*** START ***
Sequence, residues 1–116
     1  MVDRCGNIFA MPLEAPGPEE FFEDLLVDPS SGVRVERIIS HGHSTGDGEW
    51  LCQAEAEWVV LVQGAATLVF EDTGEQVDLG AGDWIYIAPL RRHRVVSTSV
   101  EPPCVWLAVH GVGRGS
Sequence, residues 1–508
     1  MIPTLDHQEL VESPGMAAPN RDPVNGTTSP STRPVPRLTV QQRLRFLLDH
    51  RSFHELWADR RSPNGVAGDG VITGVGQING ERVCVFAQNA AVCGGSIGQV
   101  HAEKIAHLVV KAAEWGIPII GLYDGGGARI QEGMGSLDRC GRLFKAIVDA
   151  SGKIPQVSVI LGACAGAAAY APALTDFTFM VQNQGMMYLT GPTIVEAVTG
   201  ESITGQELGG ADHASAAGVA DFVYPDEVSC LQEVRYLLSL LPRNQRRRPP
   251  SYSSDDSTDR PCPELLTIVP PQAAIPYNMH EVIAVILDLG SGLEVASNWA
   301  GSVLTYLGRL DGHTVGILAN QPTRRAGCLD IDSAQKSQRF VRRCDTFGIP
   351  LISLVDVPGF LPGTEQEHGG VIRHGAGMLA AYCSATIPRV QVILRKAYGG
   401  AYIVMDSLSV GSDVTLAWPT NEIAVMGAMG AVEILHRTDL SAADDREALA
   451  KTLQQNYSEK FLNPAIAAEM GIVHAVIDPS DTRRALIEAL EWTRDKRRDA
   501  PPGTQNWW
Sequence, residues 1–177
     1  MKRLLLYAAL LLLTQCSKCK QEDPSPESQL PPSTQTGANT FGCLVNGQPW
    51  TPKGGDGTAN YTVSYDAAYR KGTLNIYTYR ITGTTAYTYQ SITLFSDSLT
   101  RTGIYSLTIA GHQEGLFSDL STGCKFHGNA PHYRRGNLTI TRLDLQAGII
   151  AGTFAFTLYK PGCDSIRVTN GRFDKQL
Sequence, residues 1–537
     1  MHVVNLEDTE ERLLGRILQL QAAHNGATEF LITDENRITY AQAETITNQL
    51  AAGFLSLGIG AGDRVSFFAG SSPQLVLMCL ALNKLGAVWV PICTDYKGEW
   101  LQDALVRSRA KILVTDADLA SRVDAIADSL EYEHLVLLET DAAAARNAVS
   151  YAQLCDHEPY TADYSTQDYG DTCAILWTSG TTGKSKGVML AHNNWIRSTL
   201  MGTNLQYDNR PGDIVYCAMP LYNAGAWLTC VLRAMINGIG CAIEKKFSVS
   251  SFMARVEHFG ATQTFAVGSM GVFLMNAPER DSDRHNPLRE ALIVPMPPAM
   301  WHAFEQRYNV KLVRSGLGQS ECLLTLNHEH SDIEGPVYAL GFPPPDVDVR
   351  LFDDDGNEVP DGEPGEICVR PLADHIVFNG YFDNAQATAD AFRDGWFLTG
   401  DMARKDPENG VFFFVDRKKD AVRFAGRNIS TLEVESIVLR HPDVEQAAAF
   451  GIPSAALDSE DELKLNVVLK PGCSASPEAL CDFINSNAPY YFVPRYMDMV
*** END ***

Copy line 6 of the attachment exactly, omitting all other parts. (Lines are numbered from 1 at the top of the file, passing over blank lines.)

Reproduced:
     1  MIPTLDHQEL VESPGMAAPN RDPVNGTTSP STRPVPRLTV QQRLRFLLDH